Held in solitary confinement, 75-year-old Jimmy Lai is still awaiting trial for the crime of resisting the iron grip of the Chinese Communist Party in Hong Kong. On December 10, however, that grip got a little tighter.
A Hong Kong court sentenced Lai to an additional five years and nine months on two counts of fraud, related to a leasing issue with his pro-democracy newspaper, Apple Daily. According to Reuters, Lai used Apple Daily’s headquarters, closed by Hong Kong authorities in June of 2021, to cover up the operations of a private consulting firm, Dico Consultants Ltd. Along with the prison sentence, Lai received a fine of HK$2 million ($260,000).
District Court judge Stanley Chan defended the decision, writing that Lai “acted under the protective umbrella of a media organization” and that his conviction “wasn’t equivalent to an attack on press freedom.” Nevertheless, “The United States condemns the grossly unjust outcome of Jimmy Lai’s latest trial sentencing,” U.S. State Department spokesperson Ned Price said in a statement. “By any objective measure, this result is neither fair nor just. We once again call on PRC authorities to respect freedom of expression, including for the press, in Hong Kong,” he added.
In a statement released through his attorneys, Lai’s son Sebastien said:
“My dad has already spent two years in prison for standing up for human rights in Hong Kong, for freedom of speech and association. Now they have sentenced him to 5 years 9 months for breaching a lease contract, and he is awaiting a National Security Law trial which could condemn him to spend the rest of his life behind bars. My dad is a British citizen who has done nothing wrong. I call on the UK Government to take urgent action to protect my dad immediately and secure his freedom. The UK must do all it can to stop this, and do it now.”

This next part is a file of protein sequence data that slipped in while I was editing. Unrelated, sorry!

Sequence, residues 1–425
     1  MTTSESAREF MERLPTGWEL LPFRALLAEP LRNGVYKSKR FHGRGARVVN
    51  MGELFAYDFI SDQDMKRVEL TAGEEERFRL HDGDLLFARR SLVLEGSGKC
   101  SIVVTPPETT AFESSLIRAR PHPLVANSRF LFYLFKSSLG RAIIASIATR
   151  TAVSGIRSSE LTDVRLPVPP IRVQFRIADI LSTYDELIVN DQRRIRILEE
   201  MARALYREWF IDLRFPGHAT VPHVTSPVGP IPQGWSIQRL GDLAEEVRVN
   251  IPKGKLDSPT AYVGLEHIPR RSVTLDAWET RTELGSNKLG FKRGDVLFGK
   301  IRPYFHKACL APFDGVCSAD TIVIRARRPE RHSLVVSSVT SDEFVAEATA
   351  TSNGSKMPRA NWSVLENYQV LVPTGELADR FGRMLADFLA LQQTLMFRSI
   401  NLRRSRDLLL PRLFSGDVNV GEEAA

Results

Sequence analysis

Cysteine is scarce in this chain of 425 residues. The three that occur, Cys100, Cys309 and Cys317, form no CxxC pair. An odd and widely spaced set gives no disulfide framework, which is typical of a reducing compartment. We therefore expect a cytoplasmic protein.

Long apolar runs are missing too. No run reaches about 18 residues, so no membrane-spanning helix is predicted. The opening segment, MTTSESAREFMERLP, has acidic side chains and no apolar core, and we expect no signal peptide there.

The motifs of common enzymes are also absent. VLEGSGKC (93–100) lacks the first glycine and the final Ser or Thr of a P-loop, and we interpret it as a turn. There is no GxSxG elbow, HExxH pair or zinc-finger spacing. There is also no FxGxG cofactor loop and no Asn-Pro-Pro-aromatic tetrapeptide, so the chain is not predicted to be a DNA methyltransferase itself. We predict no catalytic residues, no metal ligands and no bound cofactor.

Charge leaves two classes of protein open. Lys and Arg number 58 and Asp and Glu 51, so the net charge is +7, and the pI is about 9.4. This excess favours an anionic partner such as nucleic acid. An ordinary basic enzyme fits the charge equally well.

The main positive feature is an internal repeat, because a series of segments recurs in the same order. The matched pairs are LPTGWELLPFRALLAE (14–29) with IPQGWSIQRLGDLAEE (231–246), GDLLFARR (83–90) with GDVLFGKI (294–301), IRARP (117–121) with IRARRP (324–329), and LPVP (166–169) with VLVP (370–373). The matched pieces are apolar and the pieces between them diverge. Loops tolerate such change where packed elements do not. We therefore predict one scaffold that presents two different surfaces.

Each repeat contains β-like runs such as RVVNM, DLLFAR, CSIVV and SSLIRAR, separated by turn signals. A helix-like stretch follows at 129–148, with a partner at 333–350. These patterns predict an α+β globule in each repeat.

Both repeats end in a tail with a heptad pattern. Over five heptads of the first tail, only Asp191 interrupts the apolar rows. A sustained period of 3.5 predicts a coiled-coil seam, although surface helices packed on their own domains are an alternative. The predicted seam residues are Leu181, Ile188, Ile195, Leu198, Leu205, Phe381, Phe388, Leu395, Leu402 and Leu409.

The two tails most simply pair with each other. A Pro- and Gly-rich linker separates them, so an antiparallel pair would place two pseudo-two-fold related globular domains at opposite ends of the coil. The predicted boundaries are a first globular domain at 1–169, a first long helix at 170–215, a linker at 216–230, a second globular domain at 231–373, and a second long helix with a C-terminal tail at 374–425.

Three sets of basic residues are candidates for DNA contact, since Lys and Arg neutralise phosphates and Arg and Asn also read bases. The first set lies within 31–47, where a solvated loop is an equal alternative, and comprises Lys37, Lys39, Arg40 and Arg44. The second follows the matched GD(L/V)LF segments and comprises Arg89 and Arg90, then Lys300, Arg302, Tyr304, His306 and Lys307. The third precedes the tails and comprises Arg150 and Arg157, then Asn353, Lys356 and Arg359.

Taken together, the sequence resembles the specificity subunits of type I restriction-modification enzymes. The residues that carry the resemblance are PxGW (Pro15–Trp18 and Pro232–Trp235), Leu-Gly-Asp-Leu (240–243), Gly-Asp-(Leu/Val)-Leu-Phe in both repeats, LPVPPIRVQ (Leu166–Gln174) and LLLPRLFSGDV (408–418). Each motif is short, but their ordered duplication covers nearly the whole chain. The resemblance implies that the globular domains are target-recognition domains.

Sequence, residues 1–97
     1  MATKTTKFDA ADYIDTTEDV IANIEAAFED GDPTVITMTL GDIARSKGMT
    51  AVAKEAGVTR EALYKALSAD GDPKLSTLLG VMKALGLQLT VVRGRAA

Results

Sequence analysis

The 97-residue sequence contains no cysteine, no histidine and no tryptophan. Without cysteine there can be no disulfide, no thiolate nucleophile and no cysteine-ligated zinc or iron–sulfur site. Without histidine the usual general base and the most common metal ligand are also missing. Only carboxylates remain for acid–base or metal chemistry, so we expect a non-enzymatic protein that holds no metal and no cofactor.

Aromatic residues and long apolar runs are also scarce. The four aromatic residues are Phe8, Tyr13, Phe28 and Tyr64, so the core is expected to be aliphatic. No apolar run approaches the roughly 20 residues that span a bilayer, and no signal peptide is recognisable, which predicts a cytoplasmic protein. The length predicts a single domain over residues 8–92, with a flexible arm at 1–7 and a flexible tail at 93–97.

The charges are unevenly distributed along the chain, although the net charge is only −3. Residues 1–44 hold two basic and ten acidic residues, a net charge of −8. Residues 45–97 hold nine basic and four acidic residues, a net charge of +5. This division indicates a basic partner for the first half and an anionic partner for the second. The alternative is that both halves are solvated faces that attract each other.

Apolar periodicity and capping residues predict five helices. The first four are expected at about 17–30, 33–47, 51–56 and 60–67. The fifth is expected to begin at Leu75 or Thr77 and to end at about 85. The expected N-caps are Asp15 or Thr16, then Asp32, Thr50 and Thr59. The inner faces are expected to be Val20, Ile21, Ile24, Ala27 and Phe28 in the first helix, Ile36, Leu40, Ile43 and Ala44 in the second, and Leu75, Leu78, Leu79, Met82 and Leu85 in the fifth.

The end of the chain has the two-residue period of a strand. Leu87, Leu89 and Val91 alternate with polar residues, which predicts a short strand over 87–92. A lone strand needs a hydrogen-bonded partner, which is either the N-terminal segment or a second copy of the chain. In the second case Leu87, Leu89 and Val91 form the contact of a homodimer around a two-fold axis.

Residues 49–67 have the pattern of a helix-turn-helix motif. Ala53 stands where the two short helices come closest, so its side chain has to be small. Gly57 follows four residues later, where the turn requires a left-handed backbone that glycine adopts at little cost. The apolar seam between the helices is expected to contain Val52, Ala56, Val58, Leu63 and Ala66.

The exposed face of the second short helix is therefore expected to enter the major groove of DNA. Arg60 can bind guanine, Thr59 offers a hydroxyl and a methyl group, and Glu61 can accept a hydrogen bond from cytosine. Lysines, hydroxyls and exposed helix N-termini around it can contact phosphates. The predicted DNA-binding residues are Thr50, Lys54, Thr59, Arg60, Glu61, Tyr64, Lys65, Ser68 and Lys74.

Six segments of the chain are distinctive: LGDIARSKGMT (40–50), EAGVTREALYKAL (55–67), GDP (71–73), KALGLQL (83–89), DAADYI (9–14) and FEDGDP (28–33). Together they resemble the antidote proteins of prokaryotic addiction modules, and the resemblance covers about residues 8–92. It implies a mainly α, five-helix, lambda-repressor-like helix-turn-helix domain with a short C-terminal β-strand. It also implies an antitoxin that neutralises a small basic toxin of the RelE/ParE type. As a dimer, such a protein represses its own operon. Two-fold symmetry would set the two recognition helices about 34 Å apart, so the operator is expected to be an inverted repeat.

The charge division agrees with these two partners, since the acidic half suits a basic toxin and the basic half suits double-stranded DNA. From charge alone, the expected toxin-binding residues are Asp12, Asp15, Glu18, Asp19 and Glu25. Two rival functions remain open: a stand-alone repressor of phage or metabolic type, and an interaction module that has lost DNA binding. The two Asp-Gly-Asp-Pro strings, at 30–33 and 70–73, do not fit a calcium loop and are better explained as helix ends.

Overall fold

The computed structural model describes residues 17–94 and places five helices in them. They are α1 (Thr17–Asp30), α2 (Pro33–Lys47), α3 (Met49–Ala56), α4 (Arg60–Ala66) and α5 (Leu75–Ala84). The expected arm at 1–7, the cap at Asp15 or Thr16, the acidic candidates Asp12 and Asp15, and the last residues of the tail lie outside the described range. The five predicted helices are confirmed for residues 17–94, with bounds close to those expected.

When Hong Kong authorities, acting under the demands of a Beijing-imposed National Security Law, arrested Lai in December 2020 and shuttered Apple Daily in June 2021, a clear message of intimidation was sent to all freedom fighters in Hong Kong: Anyone who speaks up for democracy in Beijing’s backyard will be met with state power. Judge Chan denies, however, that Hong Kong’s prosecution of Lai is based on any political vendetta.
Lai’s fraud conviction is separate from his prosecution under Beijing’s National Security Law (NSL). That trial was initially slated to begin on December 1 but hit delays as prosecutors blocked the visa of Timothy Owen KC, a British barrister and specialist in international law selected to help with Lai’s defense. If Lai, already serving time for his involvement in a 2019 vigil commemorating the Tiananmen Square Massacre, is convicted of “collusion with foreign actors” among other charges in the NSL case, he could spend the rest of his life in prison.
Beijing and the Chinese Communist Party have stopped at nothing to punish Lai ever since the Hong Kong entrepreneur. Caoilfhionn Gallagher KC, who leads Jimmy Lai’s international legal team, asserts that the pursuit of Lai is “designed to silence and discredit [Lai] and send a clear message to others that they should not dare to criticise the Chinese or Hong Kong authorities.”
The Hong Konger, the Acton Institute’s new documentary, tells the story of Jimmy Lai’s heroic struggle against authoritarian Beijing and its erosion of human rights in Hong Kong. It is currently being screened in cities around the world.